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Netanyahu: No big tax hike in 2013 budget (JERUSALEM POST) By NADAV SHEMER 06/05/12)Source: http://www.jpost.com/Business/BusinessNews/Article.aspx?id=272783 JERUSALEM POST JERUSALEM POST Articles-Index-TopPublishers-Index-Top
Prime Minister Binyamin Netanyahu intimated Tuesday that the 2013 budget would not contain a large-scale tax hike, saying that what has worked until now would continue to work in the future.

Netanyahu spoke at a press conference at his Jerusalem office alongside Finance Minister Yuval Steinitz and visiting Organization of Economic Cooperation and Development Secretary-General Angel Gurria.

Media reports have suggested this week that next year’s budget will include large-scale spending cuts and increases to value added tax (16 percent up to 17%) and corporate tax. The Treasury released data Tuesday showing a NIS 18.4 billion budget deficit since the start of 2012. It blamed this mainly on a NIS 11.3 billion shortfall in tax revenues.

“There is no conflict between managing a free economy and social justice,” Netanyahu said, adding that Israel has produced strong growth and reduced poverty and unemployment in the face of global troubles due to the government’s policy of limiting expenditure and not raising taxes.

The prime minister explained that the government would continue to focus on breaking up cartels and monopolies, encouraging people to enter the workforce and enabling them “to benefit from having more money in their pockets.” Raising taxes too excessively would be counter-productive, he said, as this would discourage people from working.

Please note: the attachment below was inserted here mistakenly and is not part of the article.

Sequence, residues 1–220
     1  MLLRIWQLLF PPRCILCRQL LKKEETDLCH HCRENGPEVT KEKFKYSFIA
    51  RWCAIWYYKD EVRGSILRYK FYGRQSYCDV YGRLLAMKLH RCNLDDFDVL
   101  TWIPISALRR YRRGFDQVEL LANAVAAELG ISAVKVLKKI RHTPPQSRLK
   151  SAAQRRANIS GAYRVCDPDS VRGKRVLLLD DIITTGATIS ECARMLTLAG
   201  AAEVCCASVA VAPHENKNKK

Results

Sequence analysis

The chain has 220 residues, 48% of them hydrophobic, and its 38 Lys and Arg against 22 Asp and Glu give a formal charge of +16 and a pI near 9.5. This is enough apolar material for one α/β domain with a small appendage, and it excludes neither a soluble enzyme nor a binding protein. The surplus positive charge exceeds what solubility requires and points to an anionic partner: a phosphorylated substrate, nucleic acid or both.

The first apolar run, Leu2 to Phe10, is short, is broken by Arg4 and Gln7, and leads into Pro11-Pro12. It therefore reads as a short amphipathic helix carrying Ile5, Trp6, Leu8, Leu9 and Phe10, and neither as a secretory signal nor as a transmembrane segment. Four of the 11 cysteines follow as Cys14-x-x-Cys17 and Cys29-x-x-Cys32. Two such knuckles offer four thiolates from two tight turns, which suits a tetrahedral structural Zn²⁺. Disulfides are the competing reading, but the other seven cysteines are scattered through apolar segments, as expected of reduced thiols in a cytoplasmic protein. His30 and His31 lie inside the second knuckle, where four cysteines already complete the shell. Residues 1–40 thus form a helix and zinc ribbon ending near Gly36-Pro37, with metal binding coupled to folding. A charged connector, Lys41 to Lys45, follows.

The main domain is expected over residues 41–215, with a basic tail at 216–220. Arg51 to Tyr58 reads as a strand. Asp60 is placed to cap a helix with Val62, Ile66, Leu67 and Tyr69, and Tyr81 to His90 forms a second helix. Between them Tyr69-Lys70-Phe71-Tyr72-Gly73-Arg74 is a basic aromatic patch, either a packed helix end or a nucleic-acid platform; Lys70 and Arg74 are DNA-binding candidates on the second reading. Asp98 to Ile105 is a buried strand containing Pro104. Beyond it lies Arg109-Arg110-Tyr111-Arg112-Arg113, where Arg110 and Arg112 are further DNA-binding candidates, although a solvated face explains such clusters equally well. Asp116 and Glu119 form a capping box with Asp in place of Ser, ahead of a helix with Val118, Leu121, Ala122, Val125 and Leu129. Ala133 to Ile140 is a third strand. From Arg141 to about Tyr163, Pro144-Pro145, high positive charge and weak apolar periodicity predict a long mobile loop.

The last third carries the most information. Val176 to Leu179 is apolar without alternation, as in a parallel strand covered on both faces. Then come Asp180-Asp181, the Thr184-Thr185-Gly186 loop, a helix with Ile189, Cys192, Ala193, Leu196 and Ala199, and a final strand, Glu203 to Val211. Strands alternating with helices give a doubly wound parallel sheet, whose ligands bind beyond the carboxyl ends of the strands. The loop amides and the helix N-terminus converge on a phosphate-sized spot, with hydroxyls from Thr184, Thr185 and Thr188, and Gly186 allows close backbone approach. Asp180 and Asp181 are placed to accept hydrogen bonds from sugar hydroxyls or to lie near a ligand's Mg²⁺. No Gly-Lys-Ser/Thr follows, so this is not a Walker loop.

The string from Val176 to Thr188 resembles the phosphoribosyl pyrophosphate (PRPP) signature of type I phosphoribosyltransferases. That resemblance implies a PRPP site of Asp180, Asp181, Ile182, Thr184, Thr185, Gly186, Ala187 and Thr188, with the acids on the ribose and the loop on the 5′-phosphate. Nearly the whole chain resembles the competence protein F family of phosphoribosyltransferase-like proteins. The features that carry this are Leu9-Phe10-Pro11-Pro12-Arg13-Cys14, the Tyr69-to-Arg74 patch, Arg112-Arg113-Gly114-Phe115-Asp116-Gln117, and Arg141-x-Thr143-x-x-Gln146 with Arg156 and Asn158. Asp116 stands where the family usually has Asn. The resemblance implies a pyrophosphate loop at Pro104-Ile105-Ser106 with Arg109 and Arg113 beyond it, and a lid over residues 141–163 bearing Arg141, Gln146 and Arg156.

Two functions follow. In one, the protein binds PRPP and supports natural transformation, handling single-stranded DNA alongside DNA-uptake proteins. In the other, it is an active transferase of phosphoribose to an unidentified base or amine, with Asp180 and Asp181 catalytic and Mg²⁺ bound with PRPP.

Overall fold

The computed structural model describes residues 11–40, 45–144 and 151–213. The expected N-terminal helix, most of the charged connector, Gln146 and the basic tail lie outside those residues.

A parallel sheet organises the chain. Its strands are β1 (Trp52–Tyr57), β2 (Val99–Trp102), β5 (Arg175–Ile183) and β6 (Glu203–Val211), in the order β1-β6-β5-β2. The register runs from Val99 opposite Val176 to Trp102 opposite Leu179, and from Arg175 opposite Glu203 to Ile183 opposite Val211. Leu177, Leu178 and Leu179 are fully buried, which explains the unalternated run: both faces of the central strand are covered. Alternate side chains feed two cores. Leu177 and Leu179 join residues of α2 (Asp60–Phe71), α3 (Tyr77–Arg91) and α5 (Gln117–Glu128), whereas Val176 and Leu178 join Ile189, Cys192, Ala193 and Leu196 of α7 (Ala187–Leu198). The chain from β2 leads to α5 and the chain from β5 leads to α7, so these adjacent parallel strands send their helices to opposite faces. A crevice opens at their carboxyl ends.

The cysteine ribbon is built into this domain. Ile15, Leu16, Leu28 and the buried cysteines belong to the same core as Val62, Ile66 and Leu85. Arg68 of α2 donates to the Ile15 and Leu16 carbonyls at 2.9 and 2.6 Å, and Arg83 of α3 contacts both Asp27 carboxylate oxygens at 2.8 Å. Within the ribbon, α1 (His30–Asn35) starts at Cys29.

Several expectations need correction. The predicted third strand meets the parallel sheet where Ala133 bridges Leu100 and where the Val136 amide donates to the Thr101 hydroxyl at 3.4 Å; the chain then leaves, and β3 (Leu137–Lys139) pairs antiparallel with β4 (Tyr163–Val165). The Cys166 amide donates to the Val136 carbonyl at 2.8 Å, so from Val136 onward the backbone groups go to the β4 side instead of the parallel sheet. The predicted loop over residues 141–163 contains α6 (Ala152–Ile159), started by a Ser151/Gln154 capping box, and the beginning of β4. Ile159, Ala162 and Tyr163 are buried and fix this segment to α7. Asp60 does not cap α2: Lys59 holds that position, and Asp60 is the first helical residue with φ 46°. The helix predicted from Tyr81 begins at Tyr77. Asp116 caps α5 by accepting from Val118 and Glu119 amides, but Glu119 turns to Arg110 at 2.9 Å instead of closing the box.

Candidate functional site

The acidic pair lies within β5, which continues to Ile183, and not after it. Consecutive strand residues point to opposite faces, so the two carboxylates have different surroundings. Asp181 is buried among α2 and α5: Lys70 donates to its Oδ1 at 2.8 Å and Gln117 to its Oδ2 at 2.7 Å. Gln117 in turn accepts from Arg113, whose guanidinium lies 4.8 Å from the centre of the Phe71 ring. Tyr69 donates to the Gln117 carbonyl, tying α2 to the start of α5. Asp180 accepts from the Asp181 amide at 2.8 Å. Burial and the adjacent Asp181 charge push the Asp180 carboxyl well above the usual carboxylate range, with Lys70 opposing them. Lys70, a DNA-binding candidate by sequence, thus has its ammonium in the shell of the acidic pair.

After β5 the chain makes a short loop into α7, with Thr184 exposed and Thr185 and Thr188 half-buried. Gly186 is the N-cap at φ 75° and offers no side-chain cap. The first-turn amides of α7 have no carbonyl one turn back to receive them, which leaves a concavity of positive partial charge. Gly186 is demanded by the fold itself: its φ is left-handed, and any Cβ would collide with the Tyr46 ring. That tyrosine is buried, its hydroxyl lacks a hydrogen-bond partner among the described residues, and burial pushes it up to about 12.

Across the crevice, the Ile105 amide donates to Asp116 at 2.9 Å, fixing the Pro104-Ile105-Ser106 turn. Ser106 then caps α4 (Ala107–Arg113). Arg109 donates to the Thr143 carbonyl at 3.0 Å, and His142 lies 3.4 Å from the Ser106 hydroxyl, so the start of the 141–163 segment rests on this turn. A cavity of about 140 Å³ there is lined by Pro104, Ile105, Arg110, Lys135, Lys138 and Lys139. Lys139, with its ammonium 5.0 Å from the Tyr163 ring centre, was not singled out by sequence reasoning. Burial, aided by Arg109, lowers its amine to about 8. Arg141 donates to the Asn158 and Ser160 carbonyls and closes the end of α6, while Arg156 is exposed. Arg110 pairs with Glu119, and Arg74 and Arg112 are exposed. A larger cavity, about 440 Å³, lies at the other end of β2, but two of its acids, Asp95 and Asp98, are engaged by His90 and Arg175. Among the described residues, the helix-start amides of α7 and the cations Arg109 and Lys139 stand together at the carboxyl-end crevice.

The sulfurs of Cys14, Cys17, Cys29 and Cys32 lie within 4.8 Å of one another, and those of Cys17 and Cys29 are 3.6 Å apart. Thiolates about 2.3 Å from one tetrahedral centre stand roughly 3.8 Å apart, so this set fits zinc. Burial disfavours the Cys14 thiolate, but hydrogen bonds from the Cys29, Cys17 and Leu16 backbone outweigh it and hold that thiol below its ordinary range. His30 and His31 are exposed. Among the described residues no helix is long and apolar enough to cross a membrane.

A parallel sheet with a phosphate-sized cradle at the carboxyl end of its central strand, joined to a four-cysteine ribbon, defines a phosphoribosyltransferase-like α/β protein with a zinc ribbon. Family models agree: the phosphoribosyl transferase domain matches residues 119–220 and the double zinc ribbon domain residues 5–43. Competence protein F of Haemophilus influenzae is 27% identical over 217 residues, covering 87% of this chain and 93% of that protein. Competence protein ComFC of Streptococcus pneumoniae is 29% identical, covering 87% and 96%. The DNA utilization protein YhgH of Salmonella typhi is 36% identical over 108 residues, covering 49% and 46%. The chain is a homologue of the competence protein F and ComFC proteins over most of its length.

Finance Minister Yuval Steinitz said budget preparations would continue for several more weeks. He warned that the government faced a choice between responding to some public demands without breaking the budget or answering to every need and exposing the country to the risk of becoming the next Greece, Spain, Portugal or Ireland.

Gurria complimented the government for its responsible economic management and for achieving impressive results in the areas of growth, employment, inflation and debt-to-GDP ratio. He too warned against drastic tax hikes, saying that Israel can improve its long- term economic situation by introducing public service and workplace reforms, improving the education system and dealing with over- concentration.

Opposition Leader Shelly Yacimovich accused Netanyahu of being detached from reality, saying that OECD data show that Israel suffers from one of the highest rates of poverty and inequality in the world.

“Netanyahu boasts about growth statistics, but forgets to mention that this goes into the hands of the richest thousandth only,” she said in a press statement. “His intention to introduce budget cuts adds insult to injury, and will force the middle class to once again fund from its own pockets those services which the state should supply.”

Meretz leader Zehava Gal-On said it was “outrageous” that Netanyahu holds such an “archaic” economic mindset at a time when his policies only serve to expand income inequality. She slammed the prime minister for planning to grant billions of shekels in tax exemptions to large companies and raise the VAT, and urged him to instead lower tax rates for smaller businesses and increase them for the largest.

Meanwhile, Vice Premier Shaul Mofaz said during a meeting with the Federation of Israeli Economic Organizations that Netanyahu and Steinitz must consult with employers and workers before making any decision on the 2013 budget. (© 1995-2011, The Jerusalem Post 06/05/12)

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